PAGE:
• Katie Bell

Work It (2020)

Don't be fooled. This film is not about Missy Elliott's hit song Work It, which was number two on the U.S. Billboard Hot 100 chart for ten consecutive weeks. Instead it is about a rag-tag gang of high school seniors, who form a dance troupe and enter a competition.


Work It follows a high school senior who desperately wants to attend Duke University, her father's alma mater. Unfortunately, her admission interview doesn't go so well. Quinn (Sabrina Carpenter) has a lot of things on her high school transcript, but alas and alack, it's a lot of the same stuff that other Duke applicants have. In a last ditch attempt to be accepted into Duke, Quinn convinces the admissions intake officer that she is a member of her school's award-winning dance troupe: The Thunderbirds. (Anyone else getting strong Grease vibes?) The only problem is, she's not. And also, her dance skills are akin to mine...

Pictured: Me, definitely not one beat behind everyone else...

Quinn is a hard worker and has a great study ethic. So, naturally she asks her best friend, Jasmine (Liza Koshy), a member of the Thunderbirds (Seriously, Thunderbirds. T-Birds. Ringing any bells?) to teach her how to dance. INSERT DANCE MONTAGE.


At the end of the dance montage, Quinn's dance skills have improved, however not enough for her to be inducted into the award-winning Thunderbirds team. (C'mon, they even have matching jackets!) Naturally, Quinn decides to start her own team. She convinces Jas to leave the Thunderbirds and become the leader of TBD (their name). The friends then set off, to recruit a band of miscellaneous students, who may not be dancers, but show promise.

Pictured: TBD

I'm not usually a fan of dance films. And I'm still haunted by the infamous chicken fillet incident of Feel the Beat. However, credit where credit is due: I didn't mind this movie. The thing that really stood out to me the most in Work It, is that they've clearly hired dancers who can also act...or actors who can also dance. Or they've done a better job of hiding their one-trick ponies than other dance films I've seen. The dance numbers are interesting and exciting to watch. There is no obvious use of stunt doubles or wires. It's true that sometimes the camera or editing is used to highlight their dance skills. But despite neon animations emanating from the bodies of Thunderbirds, there's no doubt, that there's dance skill there. And the acting is believable. Oh, and a huge shout out needs to be given here to Carpenter, who is not only believable as a non-dancer, but also as a decent dancer. I can't imagine how tricky it would be, to be a dancer, and convince viewers that you can't dance.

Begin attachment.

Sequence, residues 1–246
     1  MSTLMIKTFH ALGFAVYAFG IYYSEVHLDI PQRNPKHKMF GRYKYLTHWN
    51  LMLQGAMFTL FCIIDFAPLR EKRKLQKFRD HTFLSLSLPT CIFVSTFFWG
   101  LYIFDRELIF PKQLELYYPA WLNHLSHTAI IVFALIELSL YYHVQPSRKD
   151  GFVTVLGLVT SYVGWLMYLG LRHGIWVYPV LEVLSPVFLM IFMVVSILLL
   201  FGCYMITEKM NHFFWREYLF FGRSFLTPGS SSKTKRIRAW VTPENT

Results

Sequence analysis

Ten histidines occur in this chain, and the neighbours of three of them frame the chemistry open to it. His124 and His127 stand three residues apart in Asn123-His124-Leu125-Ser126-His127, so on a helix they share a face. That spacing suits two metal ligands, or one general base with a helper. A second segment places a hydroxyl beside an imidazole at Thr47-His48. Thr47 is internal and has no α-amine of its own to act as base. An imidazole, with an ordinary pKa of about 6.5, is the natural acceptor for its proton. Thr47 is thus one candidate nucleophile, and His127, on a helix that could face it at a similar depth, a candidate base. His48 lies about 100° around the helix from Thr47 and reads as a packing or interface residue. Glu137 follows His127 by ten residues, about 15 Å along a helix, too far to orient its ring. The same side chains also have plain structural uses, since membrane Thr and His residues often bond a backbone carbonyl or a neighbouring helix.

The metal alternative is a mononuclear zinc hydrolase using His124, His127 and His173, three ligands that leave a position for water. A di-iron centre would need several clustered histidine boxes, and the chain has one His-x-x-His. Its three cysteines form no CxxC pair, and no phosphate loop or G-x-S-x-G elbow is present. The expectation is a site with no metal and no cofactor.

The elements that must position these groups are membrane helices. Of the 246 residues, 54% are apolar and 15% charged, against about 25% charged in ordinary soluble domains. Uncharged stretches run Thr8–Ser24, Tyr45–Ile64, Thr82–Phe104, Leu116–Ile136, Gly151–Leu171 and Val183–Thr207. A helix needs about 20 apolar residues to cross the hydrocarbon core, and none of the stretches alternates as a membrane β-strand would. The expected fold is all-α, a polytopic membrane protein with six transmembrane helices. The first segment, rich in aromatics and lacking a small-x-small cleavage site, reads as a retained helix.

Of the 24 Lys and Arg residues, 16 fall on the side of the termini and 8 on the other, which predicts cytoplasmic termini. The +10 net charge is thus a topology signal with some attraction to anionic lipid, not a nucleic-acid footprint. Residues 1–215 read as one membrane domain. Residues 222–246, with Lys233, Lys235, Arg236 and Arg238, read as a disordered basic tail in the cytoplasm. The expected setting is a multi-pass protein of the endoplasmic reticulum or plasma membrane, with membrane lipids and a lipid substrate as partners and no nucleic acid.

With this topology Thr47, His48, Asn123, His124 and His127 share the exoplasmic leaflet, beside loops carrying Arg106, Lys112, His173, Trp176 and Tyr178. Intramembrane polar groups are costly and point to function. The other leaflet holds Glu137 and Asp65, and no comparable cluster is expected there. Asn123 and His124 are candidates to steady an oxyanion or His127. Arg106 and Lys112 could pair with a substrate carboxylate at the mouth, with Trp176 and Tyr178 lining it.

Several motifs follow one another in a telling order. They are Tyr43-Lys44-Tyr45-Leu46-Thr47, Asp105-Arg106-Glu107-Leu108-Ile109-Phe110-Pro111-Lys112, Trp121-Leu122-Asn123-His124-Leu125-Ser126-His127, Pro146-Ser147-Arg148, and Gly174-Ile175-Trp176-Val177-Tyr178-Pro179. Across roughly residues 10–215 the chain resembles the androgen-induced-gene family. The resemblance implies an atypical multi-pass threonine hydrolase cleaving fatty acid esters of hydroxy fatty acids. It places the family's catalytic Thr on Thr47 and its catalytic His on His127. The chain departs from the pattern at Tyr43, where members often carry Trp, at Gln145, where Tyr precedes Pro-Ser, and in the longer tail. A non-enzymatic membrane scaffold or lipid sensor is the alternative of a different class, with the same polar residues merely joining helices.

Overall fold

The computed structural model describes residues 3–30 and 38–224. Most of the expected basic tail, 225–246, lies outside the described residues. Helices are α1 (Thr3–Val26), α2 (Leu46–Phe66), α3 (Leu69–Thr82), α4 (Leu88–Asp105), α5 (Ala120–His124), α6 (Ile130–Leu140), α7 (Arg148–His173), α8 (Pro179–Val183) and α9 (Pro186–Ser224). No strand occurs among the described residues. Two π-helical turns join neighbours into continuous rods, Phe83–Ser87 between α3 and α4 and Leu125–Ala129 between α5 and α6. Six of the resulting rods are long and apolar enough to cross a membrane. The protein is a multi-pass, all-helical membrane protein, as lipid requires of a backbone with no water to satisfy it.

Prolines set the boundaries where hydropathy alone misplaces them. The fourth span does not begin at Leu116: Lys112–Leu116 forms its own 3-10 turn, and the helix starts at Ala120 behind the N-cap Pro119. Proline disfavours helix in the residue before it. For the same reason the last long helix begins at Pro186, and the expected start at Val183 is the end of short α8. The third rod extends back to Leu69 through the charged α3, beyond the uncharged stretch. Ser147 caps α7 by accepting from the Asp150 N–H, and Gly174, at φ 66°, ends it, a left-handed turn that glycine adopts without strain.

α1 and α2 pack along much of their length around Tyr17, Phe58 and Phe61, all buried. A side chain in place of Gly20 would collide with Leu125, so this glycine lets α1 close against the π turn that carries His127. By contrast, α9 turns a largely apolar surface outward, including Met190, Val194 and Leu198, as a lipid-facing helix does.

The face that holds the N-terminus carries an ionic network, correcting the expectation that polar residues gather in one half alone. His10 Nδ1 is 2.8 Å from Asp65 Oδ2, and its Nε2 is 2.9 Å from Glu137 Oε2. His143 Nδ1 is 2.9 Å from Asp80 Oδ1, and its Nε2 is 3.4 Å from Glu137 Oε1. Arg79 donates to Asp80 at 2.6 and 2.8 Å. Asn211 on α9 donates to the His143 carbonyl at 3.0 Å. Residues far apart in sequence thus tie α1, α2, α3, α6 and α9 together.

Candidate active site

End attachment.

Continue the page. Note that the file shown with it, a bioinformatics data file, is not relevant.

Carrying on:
The camera is used in interesting ways, particularly throughout the dance sequences. Obviously we have our fair share of montages. However, during performances, we often get shots from point of view angles, as well as low shots and high shots, zooms and tracking shots. The camera isn't used to hide flaws, it's more so used to highlight exciting moments in the dance numbers. It makes for a more dynamic and interesting viewing experience.

Pictured: A missed opportunity for product placement.

Work It has clearly drawn inspiration from a number of classics, (yes, I'm looking at you Grease). But in addition to clear references to the T-Birds, there's some clear Sister Act 2: Back in the Habit at the Work It dance competition, and a rivalry between TBD and the Thunderbirds, that is comparable to Daniel-san and Johnny Lawrence (#yourealrightlarusso). Obviously, all of this inspiration is bundled into a film set in the 21st century and exploring the concept that it's never too late to try something new. The hint of nostalgia, mixed in with the modern teens and their high stakes dance competition, makes this movie relevant to a very wide audience. Essentially, it's one that parents could watch with their teen-aged kids (or reviewers could watch with their teen-aged sister).


...I will say, I was a little confused about the setting upon introduction to the character DJ Tapes, who is in charge of their music. Do kids use cassette tapes these days? Are cassette tapes cool again? Do dance competitions accept music on cassette tapes? Will discmans make a comeback as well? I'm so confused...

Pictured: "No, what year is it?" "1995, remember?"

There is one unforgivable flaw in this film. Look, I'm no electrician, but if you spill coffee on a lighting board, I'm fairly sure you won't blow up the lights in the rig...which is what Quinn does at the start of this flick. I feel like singing Dem Bones as I explain this, but I'll just include a link instead (https://www.youtube.com/watch?v=mVoPG9HtYF8). The lighting board is connected to the dimmer. The dimmer is connected to the patchpoints in the rig. And the lights are connected to the patchpoints...It's silly that this has any bearing on the outcome of this review, but I felt an intrinsic need to correct public understanding of how tech booths work...I should probably do more research on how to blow up lights in a rig...but this does not seem to be the way.


In short, Work It is a teen dance flick, where the performers can act and dance. It is for this reason, that I'd recommend this one (if dance movies are your style). Unlike most of the young adult films that I review, this is one that I might watch a second time, when my sister comes to visit.

  • YouTube
  • Inconceivable! Reviews Facebook
  • Inconceivable! Reviews Instagram

©2018 by Inconceivable! Reviews. Proudly created with Wix.com